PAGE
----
At the 2023 World Economic Forum, Microsoft CEO Satya Nadella told the WSJ that the company will incorporate AI (such as ChatGPT) into all of its products. This raises a question: Do you wait to learn to use the version of ChatGPT that’s built into Microsoft Office (Word, PowerPoint, Excel, etc.), or will you start learning how to use native ChatGPT right now? (You might expand the question to include all of the AI-powered creativity and productivity tools that have recently hit the market, like Midjourney, Stable Diffusion, DALLL-E 2, etc.)

If you wait, you will be on a level playing field with everyone who uses Outlook, Word, PowerPoint, and Excel. If you get in now, you’ll have to dig deep and spend time learn about prompt crafting.

Here are a few dates that might help you think about how specific technological achievements have changed how we spend our days.

Technology Milestones

  • 10,000 B.C. – Humans begin farming.
  • 5,000 B.C. – The approximate date of the invention of written language.
  • 1436 – Gutenberg press invented. (China had printing presses as early as the 9th century.)
  • 1712 – Thomas Newcomen’s atmospheric engine becomes the first commercially successful engine.
  • 1880 – Thomas Edison begins manufacturing and marketing electric light bulbs.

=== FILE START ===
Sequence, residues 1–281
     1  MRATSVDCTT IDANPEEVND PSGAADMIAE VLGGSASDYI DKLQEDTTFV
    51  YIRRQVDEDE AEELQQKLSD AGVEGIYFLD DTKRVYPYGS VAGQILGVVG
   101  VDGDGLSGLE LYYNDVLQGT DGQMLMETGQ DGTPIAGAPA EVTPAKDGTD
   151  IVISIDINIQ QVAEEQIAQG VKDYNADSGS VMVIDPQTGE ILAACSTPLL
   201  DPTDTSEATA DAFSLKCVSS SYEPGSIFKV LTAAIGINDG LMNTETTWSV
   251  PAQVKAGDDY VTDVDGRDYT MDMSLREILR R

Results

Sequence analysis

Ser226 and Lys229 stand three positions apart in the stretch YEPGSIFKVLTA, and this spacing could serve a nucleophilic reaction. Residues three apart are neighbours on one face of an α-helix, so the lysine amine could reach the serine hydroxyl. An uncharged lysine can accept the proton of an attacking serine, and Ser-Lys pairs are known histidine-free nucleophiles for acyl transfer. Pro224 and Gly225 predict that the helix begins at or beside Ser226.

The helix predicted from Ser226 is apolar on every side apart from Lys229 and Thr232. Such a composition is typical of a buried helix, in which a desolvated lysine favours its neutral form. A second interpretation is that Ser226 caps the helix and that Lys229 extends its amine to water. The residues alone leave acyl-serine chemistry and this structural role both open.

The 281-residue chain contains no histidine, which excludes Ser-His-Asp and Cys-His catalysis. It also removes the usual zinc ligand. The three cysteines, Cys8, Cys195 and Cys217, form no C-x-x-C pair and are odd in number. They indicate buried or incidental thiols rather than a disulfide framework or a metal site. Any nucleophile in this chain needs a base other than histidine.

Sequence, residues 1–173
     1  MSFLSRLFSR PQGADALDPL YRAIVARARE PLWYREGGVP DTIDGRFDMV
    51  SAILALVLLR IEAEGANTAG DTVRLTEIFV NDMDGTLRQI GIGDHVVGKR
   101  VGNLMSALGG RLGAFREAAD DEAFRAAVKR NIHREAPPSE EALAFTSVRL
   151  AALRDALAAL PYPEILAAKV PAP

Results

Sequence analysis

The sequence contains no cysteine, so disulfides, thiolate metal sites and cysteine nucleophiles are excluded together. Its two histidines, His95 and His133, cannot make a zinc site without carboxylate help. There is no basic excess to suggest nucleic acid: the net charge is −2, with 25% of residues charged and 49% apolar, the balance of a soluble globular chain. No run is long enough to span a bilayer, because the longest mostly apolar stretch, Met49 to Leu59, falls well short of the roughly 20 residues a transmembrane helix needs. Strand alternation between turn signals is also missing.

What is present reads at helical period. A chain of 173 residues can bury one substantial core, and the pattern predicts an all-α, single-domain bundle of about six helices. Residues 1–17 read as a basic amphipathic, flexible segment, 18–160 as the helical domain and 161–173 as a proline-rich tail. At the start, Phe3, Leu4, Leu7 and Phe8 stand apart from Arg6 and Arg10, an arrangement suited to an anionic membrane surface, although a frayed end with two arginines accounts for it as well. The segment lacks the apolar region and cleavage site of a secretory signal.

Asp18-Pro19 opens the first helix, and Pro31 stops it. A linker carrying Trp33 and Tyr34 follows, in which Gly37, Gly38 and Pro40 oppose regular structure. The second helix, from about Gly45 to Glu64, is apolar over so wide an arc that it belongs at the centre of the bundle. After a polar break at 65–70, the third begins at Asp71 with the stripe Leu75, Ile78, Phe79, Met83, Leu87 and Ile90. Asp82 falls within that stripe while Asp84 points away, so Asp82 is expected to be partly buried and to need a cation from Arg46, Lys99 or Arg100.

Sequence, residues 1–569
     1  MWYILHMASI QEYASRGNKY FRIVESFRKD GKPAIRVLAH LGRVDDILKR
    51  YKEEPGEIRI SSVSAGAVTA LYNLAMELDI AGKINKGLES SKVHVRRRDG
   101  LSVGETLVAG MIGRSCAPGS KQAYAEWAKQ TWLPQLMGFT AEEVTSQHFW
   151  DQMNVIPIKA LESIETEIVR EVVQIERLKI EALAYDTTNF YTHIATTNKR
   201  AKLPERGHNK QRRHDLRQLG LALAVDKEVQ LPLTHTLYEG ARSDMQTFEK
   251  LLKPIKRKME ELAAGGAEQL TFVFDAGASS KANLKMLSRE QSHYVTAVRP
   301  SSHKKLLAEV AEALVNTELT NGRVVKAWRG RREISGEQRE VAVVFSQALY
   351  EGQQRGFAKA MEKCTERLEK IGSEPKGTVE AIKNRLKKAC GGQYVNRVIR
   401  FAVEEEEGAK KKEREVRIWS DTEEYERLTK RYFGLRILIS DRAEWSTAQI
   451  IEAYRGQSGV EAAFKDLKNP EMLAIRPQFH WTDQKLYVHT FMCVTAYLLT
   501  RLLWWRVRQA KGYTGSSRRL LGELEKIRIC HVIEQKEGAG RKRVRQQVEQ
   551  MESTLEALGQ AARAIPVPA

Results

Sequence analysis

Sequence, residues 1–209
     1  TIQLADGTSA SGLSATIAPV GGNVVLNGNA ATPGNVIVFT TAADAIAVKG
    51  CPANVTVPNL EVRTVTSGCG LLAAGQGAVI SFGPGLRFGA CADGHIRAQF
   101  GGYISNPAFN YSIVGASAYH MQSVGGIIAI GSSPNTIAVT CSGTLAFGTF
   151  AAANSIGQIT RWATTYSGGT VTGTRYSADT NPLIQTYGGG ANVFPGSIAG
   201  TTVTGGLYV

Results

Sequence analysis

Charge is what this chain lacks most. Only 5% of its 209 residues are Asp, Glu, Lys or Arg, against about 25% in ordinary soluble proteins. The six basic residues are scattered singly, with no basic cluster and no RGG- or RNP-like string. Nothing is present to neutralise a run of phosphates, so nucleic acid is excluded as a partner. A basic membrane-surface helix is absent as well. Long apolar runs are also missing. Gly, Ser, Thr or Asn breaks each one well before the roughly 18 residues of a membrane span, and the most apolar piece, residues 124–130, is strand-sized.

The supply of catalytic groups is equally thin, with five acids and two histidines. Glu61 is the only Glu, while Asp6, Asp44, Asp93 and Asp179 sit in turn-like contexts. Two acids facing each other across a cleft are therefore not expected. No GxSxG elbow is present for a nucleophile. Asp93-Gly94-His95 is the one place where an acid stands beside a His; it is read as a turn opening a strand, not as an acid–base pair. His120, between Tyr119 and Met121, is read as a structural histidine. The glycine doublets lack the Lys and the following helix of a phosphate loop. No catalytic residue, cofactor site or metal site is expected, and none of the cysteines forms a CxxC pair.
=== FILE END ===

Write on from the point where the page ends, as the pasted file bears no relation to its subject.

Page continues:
Computer Milestones

  • 1937 – Atanasoff-Berry Computer (the first electronic digital computing device) ushers in the digital age.
  • 1954 – Belmont Farley and Wesley Clark of MIT run the first artificial neural network.
  • 1956 – Arthur Samuel invents computer checkers.
  • 1997 – IBM’s DeepBlue beats chess master Garry Kasparov.
  • 2010 – IBM’s Watson beats humans on the TV game show “Jeopardy!”
  • 2016 – DeepMind’s AlphaGo beats world champion Lee Sedol at Go.
  • 2022 – ChatGPT and other commercially available AI tools increase productivity for skilled knowledge workers by 30% to 50%.

You may have other examples of technologies that changed the world, but if you plot this list of dates on a graph, you will notice the relative speed of the change has greatly accelerated in the past 50 years. It is showing no signs of slowing down.

Author’s note: This is not a sponsored post. I am the author of this article and it expresses my own opinions. I am not, nor is my company, receiving compensation for it.

About Shelly Palmer

Shelly Palmer is the Professor of Advanced Media in Residence at Syracuse University’s S.I. Newhouse School of Public Communications and CEO of The Palmer Group, a consulting practice that helps Fortune 500 companies with technology, media and marketing. Named LinkedIn’s “Top Voice in Technology,” he covers tech and business for Good Day New York, is a regular commentator on CNN and writes a popular daily business blog. He's a bestselling author, and the creator of the popular, free online course, Generative AI for Execs. Follow @shellypalmer or visit



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